discarded clothing from tsunami

Refrigerators, TVs and other debris dragged into sea when a massive earthquake hit Japan last March, causing tsunamis as high as 130 feet (40 meters) to crash ashore, could show up in remote atolls north of Hawaii as soon as this winter, with other pieces reaching parts of the West Coast in 2013 and 2014, experts say.

Debris from the tsunami initially formed a thick mass in the ocean of Japan’s northeastern coast. But ocean currents have dispersed the pieces so they’re now estimated to spread out some 3,000 miles halfway across the Pacific.

[…]One million to 2 million tons of debris remain in the ocean, but only 1 to 5 percent of that could reach American and Canadian shorelines, Maximenko said. The tsunamis that followed the magnitude-9 earthquake generated 20 million to 25 million tons of debris, including what was left on land.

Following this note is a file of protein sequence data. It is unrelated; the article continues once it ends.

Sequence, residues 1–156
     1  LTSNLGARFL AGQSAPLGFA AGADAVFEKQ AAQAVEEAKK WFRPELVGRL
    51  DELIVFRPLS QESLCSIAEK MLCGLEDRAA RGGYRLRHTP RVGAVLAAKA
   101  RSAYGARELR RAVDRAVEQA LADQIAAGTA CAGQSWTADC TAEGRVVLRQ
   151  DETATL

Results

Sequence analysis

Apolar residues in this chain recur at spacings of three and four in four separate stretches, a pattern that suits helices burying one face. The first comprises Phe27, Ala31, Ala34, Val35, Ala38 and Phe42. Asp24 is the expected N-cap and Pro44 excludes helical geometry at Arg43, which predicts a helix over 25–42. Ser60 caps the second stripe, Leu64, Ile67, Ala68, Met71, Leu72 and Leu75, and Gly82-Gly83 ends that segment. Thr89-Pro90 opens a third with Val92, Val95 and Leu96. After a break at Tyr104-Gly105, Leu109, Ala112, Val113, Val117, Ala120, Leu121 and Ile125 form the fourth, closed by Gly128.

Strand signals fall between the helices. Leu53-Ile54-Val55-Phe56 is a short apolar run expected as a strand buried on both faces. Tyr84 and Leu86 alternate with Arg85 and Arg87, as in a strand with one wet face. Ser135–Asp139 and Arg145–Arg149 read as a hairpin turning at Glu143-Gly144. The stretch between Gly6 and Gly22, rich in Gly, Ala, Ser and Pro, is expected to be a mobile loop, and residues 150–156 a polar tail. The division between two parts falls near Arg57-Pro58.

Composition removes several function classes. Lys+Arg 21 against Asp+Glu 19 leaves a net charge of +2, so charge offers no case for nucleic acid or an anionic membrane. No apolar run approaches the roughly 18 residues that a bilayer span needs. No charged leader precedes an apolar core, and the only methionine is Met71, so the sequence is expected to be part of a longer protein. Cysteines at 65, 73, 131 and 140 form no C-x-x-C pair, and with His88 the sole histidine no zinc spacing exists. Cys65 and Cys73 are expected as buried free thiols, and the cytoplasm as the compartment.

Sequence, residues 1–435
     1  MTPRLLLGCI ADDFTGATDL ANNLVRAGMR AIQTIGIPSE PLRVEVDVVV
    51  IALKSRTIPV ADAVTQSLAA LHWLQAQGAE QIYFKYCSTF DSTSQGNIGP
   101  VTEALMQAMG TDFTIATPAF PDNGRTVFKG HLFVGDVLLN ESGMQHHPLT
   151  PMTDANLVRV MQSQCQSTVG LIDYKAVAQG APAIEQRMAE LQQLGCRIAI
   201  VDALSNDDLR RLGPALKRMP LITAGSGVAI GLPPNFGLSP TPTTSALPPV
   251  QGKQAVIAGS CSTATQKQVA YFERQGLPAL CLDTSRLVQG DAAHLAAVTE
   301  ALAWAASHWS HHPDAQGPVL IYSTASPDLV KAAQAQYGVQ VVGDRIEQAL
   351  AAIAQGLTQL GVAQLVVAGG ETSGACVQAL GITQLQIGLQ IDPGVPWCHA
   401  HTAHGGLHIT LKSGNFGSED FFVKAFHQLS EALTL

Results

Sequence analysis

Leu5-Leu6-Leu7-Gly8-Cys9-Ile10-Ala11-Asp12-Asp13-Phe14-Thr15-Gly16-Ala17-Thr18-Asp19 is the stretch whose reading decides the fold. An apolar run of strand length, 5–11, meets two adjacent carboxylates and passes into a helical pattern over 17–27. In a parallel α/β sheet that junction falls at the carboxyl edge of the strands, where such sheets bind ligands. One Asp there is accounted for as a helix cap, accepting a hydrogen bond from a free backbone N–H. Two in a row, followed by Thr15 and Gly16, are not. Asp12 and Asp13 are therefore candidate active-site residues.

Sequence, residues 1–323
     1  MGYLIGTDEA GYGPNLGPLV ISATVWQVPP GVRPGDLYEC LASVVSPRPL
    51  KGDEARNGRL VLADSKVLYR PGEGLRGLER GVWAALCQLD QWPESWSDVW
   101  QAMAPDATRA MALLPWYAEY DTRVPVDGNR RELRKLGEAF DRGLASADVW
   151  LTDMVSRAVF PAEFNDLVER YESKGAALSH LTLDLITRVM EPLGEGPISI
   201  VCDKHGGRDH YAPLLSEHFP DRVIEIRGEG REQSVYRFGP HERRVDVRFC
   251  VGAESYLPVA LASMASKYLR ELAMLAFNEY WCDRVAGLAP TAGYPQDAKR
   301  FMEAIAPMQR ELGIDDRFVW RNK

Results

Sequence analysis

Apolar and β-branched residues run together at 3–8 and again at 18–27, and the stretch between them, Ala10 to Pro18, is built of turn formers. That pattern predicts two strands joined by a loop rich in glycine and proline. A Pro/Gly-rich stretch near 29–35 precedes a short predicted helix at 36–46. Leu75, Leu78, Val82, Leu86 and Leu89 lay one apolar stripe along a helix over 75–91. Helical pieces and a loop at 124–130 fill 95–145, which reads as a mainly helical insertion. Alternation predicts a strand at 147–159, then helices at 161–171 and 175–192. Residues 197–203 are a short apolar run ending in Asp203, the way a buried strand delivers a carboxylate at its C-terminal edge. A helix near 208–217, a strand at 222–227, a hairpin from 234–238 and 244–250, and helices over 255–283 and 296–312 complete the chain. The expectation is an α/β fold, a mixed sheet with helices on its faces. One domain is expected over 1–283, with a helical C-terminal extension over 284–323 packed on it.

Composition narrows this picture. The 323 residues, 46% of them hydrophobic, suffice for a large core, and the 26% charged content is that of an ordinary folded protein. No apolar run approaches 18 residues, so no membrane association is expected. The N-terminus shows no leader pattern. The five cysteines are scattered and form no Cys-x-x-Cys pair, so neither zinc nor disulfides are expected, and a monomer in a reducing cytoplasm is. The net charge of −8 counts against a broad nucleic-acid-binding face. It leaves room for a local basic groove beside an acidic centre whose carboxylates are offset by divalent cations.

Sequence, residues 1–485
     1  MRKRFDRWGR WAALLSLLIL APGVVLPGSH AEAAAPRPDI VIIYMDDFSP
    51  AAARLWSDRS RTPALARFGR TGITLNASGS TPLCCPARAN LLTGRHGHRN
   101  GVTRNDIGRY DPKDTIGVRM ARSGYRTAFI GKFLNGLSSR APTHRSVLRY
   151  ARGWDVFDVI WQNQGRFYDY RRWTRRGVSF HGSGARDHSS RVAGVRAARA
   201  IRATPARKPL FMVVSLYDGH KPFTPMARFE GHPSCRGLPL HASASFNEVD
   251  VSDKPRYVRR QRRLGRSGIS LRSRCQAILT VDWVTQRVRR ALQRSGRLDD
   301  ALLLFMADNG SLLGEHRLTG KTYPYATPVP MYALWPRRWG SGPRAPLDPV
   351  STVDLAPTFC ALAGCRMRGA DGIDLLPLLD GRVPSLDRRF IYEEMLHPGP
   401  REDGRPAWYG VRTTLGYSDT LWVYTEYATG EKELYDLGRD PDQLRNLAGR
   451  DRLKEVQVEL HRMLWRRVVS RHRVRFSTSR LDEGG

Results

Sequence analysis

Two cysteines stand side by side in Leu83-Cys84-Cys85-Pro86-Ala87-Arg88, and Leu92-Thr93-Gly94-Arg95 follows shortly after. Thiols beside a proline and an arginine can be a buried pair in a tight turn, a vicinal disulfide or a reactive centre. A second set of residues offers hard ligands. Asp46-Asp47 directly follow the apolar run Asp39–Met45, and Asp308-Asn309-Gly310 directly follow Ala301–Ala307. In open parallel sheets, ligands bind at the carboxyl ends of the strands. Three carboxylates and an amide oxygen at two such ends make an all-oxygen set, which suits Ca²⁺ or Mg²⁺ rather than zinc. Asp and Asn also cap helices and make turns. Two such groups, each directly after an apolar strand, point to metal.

Continue reading at: Debris from tsunami to reach West Coast, join Great Pacific Garbage Patch – CSMonitor.com.

Never heard of the garbage patch? Check out the Wikipedia article explaining the Great Pacific Garbage Patch, and watch the TED video of the man who first found the floating mass of trash, Charles Moore.